Der letzte Weynfeldt (detebe) | Suter, Martin | ISBN: | Kostenloser Versand für alle Bücher mit Versand und Verkauf duch Amazon. Der letzte Weynfeldt ist eine deutsch-schweizerische Literaturverfilmung des gleichnamigen Bestsellers von Martin Suter aus dem Jahr Regie führte Alain. Der letzte Weynfeldt ist der sechste Roman des Schweizer Autors Martin Suter. Er erschien im Diogenes Verlag und spielt im grossbürgerlichen Milieu der Deutschschweiz. Der Roman ist eine Mischung aus Komödie, Thriller und Liebesgeschichte.
Der Letzte Weynfeldt Weitere Formate
Der letzte Weynfeldt ist der sechste Roman des Schweizer Autors Martin Suter. Er erschien im Diogenes Verlag und spielt im grossbürgerlichen Milieu der Deutschschweiz. Der Roman ist eine Mischung aus Komödie, Thriller und Liebesgeschichte. Der letzte Weynfeldt ist der sechste Roman des Schweizer Autors Martin Suter. Er erschien im Diogenes Verlag und spielt im grossbürgerlichen Milieu der. Der letzte Weynfeldt ist eine deutsch-schweizerische Literaturverfilmung des gleichnamigen Bestsellers von Martin Suter aus dem Jahr Regie führte Alain. Der letzte Weynfeldt (detebe) | Suter, Martin | ISBN: | Kostenloser Versand für alle Bücher mit Versand und Verkauf duch Amazon. Der letzte Weynfeldt | Suter, Martin | ISBN: | Kostenloser Versand für alle Bücher mit Versand und Verkauf duch Amazon. Thalia: Infos zu Autor, Inhalt und Bewertungen ❤ Jetzt»Der letzte Weynfeldt«nach Hause oder Ihre Filiale vor Ort bestellen! Der letzte Weynfeldt [Suter, Martin] on positionrelative.eu *FREE* shipping on qualifying offers. Der letzte Weynfeldt.
Der letzte Weynfeldt ist der sechste Roman des Schweizer Autors Martin Suter. Er erschien im Diogenes Verlag und spielt im grossbürgerlichen Milieu der. Auch Suters jüngster Roman "Der letzte Weynfeldt", in der ein Kunstmäzen seine Widersacher austrickst und sich ein bedeutendes Kunstwerk unter Wert sichert. Thalia: Infos zu Autor, Inhalt und Bewertungen ❤ Jetzt»Der letzte Weynfeldt«nach Hause oder Ihre Filiale vor Ort bestellen! Diogenes VerlagZürich English Choose a language for shopping. Lorena besucht Weynfeldt wieder und sieht die beiden Bilder. Ruhig, detailliert umkreist er seine Personen und zieht eine Schlinge aus falschen Freundschaften, selbst verordneter Einsamkeit, blinder Liebe …. Mr.Church Gsponer. Suter überzeugt in diesem Roman mit Theeb Ironie. Ihre überraschte Reaktion kann er nicht nachvollziehen, auch habe er ihr geholfen, weil sie ihn Dragonball Z Streaming gebeten habe. Product details Item Weight : 6. Get to Know Us.
Der Letzte Weynfeldt See a Problem? VideoMartin Suter über sein gepflegtes Äußeres - Willkommen Österreich Plot Summary. Er fährt daraufhin zu Klaus Baier und verlangt von ihm weitere 50' Franken. One person found this helpful. Pedroni besucht Lorena und vereinbart mit ihr, den spendablen Weynfeldt gemeinsam zu betrügen. Sie neckt ihn mit seiner Korrektheit, um ihn dazu bringen, das falsche Gemälde zu versteigern. Alexa Actionable Analytics for the Web. East Dane Designer Men's Fashion. Er wird aktiver und räumt nun endlich das Zimmer seiner vor fünf Jahren verstorbenen, dominanten Mutter, um aus dem Raum ein Fitness-Zimmer Dana Andrews machen.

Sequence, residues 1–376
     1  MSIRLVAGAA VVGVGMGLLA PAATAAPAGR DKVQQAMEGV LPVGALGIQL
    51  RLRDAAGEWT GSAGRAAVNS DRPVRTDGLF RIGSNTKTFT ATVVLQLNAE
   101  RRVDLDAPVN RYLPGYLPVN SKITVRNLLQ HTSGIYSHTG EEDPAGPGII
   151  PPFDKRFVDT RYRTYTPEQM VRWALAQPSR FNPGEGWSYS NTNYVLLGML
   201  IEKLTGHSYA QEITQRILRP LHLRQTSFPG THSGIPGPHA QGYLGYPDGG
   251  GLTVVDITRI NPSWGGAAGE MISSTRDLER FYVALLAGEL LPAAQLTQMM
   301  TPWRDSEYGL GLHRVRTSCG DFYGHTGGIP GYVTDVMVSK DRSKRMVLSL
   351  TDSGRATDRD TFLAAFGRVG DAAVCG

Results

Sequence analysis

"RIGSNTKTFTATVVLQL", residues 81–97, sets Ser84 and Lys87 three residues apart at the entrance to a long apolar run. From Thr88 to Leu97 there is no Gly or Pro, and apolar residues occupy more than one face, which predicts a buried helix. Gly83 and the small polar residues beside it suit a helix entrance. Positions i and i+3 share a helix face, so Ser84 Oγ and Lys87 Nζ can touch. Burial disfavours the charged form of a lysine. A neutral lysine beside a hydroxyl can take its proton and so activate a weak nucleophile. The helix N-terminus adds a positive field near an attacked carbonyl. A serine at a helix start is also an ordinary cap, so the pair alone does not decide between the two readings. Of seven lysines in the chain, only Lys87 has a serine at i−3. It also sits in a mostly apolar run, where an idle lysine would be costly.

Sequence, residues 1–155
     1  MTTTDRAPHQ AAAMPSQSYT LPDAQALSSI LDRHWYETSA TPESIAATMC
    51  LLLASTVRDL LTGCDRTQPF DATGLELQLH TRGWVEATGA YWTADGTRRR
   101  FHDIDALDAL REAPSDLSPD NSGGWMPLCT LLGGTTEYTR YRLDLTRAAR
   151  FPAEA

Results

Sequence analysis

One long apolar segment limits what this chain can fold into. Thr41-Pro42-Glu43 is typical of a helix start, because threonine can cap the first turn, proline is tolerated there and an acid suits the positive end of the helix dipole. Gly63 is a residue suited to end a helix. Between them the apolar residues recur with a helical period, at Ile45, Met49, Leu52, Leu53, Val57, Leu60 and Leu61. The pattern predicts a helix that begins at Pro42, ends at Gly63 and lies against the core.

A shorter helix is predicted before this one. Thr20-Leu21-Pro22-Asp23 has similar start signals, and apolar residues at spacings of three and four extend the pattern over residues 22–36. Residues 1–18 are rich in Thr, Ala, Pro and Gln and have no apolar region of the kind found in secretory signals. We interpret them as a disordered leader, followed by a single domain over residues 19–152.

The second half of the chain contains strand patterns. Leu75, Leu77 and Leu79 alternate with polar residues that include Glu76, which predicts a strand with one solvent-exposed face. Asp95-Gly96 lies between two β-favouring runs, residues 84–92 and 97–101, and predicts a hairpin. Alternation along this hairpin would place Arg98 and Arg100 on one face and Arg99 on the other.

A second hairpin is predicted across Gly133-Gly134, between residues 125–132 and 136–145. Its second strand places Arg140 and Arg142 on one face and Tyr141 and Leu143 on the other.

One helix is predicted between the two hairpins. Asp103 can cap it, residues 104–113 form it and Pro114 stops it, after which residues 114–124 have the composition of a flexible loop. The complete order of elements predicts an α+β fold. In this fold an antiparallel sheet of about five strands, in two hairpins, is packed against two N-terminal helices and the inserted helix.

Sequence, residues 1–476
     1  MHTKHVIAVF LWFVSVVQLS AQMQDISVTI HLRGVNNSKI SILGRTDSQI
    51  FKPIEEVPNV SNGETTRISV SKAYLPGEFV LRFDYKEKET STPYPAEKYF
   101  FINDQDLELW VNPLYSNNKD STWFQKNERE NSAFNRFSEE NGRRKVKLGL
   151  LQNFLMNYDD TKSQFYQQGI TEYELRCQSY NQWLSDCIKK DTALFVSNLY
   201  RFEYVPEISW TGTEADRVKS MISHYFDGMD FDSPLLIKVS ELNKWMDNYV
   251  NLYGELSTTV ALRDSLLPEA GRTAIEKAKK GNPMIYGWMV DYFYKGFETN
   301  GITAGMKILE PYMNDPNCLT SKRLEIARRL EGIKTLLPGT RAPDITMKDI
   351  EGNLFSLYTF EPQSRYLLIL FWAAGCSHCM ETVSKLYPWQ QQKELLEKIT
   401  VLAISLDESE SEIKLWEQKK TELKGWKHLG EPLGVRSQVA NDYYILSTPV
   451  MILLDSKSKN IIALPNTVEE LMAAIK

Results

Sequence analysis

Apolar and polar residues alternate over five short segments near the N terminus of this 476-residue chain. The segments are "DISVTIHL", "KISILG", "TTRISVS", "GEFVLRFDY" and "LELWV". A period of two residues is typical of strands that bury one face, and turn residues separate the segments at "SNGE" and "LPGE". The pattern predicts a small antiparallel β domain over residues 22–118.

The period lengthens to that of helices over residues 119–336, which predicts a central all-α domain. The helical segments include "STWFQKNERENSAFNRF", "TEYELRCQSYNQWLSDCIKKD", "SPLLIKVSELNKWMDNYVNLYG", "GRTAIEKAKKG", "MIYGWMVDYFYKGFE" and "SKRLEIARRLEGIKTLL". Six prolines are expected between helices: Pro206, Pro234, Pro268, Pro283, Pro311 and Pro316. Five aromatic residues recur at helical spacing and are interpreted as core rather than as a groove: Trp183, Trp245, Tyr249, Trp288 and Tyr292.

Der Letzte Weynfeldt More by Diego Baldenweg, Nora Baldenweg & Lionel Baldenweg VideoMartin Suter über sein gepflegtes Äußeres - Willkommen Österreich
Frau Almeida Vadim Glowna Herr Dr. Baier Martin Klaus Schwartz Hanspeter Müller Nicholas Ofczarek Pedroni Bettina Stucky Veronique Thomas Städeli Attendee at the auction Simon Svercel Child at lake extra Pascal Ulli Kaspar Casutt Roeland Wiesnekker Genres: Crime.
Edit Did You Know? Add the first question. Edit Details Country: Switzerland Germany. Language: German. Runtime: 90 min. Color: Color. Edit page.
The Best "Bob's Burgers" Parodies. There's a muscularity about the prose, too, and a serious intent underlying the fabulation. Suspenseful the novel ain't, as noted, but I resented having to put it down when other aspects of life intruded and picked it up eagerly again as soon as I could.
And I grinned at the way Suter so skillfully pulled everything together at the end to present an emotionally perfect finale. A delightful piece of work.
As we become more intimate with Adrian we learn he is quite street smart, savvy and a keen observer, extremely aware of both self as well as surroundings including peers.
His stealth side really kicks in when he becomes involved with the dicey Lorena. Lorena a blatant user borderline grifter, however she displays a conscious, which is questionable in its intent.
When these two first meet you wonder if they will ultimately compliment each other, but we quickly discover differently. Slowly the tables turn and Adrian becomes the puppet master.
Adrian is memorable without a doubt. Suter entertains the reader through his details and characters. He strings the peruser along creating a build up, including a few twist and turns until the curtain reveals the apex towards the end providing a more than satisfying reading adventure.